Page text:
Hello, my name is Carson and I am studying speech pathology at the University of Akron. I noticed when looking over the papers that many of the writers had discussed the topic of resiliency. I was wondering if a person who stutters feels they would be equally resilient if they did not stutter, or if that trait has been acquired through overcoming the hardships they have faced?  

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Resilience — 1 Comment

  1. Hello, Carson. Thank you so much for asking a question to the professional panel. Congratulations on your studies! This is a lovely field and I hope that you enjoy it as much as I have. Keep up the good work, and well done on already being a part of the stuttering community on the world stage by participating in this panel discussion and asking this question. I am honored to answer this for you.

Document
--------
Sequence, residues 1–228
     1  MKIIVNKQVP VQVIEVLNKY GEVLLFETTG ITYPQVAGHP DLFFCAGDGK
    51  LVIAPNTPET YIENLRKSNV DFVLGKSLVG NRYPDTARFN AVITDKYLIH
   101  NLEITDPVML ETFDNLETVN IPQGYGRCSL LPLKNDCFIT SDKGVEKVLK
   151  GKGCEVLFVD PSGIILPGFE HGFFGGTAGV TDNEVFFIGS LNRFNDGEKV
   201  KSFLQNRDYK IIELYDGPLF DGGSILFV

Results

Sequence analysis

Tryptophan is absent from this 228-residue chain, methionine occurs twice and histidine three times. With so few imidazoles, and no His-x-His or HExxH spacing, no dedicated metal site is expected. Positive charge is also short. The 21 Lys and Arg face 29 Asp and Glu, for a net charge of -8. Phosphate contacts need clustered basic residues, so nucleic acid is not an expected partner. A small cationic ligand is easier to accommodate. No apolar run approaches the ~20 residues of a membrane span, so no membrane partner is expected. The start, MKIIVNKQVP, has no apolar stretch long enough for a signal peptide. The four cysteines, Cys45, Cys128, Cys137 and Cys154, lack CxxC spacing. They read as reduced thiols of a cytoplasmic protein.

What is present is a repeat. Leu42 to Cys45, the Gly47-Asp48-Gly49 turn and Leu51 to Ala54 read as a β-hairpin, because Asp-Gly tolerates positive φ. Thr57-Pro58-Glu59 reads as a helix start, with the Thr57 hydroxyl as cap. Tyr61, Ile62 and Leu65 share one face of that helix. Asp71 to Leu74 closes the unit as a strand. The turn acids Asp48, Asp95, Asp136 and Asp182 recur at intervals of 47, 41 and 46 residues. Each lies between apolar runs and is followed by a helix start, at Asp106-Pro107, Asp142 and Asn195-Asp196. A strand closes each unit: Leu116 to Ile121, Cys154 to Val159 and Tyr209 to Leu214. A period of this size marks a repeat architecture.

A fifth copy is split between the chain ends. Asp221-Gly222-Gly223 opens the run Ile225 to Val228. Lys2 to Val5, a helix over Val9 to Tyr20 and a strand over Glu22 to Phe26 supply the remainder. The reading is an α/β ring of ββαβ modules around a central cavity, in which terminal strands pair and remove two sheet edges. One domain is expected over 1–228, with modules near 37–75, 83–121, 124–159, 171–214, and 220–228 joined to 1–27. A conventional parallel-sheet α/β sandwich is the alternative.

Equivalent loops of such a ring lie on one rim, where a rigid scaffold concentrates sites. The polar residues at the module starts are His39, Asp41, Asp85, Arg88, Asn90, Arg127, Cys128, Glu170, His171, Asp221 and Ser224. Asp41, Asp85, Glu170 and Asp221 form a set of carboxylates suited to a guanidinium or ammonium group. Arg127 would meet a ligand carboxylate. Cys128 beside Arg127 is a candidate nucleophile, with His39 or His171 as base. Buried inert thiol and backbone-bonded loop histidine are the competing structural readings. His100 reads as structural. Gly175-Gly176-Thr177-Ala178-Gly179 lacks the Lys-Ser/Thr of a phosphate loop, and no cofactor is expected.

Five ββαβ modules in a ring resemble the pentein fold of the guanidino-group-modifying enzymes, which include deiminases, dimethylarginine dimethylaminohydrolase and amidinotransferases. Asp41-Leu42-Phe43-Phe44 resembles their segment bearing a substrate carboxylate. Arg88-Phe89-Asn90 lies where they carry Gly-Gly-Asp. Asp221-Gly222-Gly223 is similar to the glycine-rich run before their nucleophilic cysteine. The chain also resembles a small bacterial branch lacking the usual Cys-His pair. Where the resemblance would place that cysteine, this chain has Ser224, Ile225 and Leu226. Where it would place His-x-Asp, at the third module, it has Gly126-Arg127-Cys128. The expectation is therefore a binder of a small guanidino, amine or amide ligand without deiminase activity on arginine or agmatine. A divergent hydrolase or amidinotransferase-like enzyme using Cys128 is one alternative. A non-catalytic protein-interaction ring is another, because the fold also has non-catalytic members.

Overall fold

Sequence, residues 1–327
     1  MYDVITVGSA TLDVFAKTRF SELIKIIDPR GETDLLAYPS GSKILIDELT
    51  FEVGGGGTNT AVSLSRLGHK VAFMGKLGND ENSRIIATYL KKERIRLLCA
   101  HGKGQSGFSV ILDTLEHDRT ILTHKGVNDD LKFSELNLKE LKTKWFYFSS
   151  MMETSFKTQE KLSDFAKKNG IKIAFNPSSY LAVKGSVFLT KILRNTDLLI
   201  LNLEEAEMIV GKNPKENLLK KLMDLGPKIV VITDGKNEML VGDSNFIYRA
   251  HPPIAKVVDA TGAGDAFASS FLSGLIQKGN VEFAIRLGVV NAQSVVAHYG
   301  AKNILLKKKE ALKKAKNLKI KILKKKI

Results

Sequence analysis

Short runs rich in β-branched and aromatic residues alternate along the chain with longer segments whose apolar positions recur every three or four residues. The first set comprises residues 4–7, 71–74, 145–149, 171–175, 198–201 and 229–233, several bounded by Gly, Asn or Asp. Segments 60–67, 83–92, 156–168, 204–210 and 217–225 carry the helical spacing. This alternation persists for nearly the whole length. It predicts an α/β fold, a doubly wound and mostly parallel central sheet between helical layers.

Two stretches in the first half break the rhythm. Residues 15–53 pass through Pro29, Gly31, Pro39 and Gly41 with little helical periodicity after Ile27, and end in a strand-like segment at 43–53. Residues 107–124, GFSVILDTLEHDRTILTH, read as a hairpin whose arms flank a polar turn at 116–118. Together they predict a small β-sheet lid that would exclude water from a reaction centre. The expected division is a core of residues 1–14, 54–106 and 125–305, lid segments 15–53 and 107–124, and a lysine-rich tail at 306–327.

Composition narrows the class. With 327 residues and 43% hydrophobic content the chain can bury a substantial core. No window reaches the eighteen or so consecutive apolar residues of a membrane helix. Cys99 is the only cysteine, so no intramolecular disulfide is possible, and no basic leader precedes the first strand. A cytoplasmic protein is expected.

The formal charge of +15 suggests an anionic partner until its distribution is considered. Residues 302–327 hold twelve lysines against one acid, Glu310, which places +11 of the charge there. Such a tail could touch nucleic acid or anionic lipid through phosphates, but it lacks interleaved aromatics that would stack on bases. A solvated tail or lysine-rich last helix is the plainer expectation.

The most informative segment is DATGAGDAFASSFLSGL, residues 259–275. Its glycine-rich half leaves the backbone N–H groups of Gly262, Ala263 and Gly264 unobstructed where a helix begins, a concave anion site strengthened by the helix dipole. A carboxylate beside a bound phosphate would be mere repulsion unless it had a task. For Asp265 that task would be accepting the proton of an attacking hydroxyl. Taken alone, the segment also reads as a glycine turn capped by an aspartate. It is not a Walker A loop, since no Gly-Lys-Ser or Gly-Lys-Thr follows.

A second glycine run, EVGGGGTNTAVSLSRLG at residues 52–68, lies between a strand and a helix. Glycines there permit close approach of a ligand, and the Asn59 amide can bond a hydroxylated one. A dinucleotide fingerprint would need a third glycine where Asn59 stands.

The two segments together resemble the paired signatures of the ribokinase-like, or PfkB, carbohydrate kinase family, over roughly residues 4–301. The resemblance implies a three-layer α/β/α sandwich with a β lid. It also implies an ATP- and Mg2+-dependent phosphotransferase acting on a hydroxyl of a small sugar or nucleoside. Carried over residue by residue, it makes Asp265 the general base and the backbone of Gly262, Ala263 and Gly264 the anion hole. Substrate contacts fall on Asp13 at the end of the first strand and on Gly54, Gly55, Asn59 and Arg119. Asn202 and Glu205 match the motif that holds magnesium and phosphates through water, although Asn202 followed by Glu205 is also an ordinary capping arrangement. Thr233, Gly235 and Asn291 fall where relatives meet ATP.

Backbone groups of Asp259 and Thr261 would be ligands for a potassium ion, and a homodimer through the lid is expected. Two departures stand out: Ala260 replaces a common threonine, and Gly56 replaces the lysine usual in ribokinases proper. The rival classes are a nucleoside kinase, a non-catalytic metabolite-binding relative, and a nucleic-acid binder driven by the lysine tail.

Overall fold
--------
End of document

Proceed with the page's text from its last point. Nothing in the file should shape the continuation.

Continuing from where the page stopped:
The topic of resilience is one of my favorites to discuss. Your question would have probably served better in the PWS panel, however, I do have a journey both as a professional and a PWS so this worked out well. 🙂 I will quickly share- I am the sibling of a person who stutters as my brother has stuttered since the age of 6. I am a speech-language pathologist with him as my motivation going into this field. I am 37 years old. I share this with you because I started to stutter at the age of 36 due to a hypoxic brain injury, which we call, neurogenic stuttering or neurogenic disfluencies (I have heard and seen it called both.) I have only been a person who stutters for four months, and the stuttering experience/journey is very individualized. No two people who stutter are exactly the same (just like no two people in life in general with any entity are exactly the same or react to the same thing in the same way.) So, my answer to your question is based on my experience and journey with stuttering, and does not reflect the experience of someone that grew up being a person who stutters. Regarding resiliency, I feel like people who do not stutter and people who do stutter (people in general, for that matter) define resiliency based on their life experiences. Being resilient, to you, may reflect a particular experience… whereas being resilient for a person who stutters may or may not have to do with stuttering. As a clinician, do not assume that a person who stutters defines resilience based on stuttering. Ask this person how they personally define resilience and how this makes an impact on communication situations and confidence to communicate in their life. For me, resilience has more to do with a medical diagnosis that I have had my entire life, and not stuttering- but again I have only stuttered for four months. So the moral of this answer: listen to the person that you are treating fully and ask what terms, especially a term like this, means to them particularly. This will help you in establishing a beautiful therapeutic alliance and a trust relationship. I hope that this helps in answering your question. Be well, stay safe, and be a world changer- you already are in participating in this panel.

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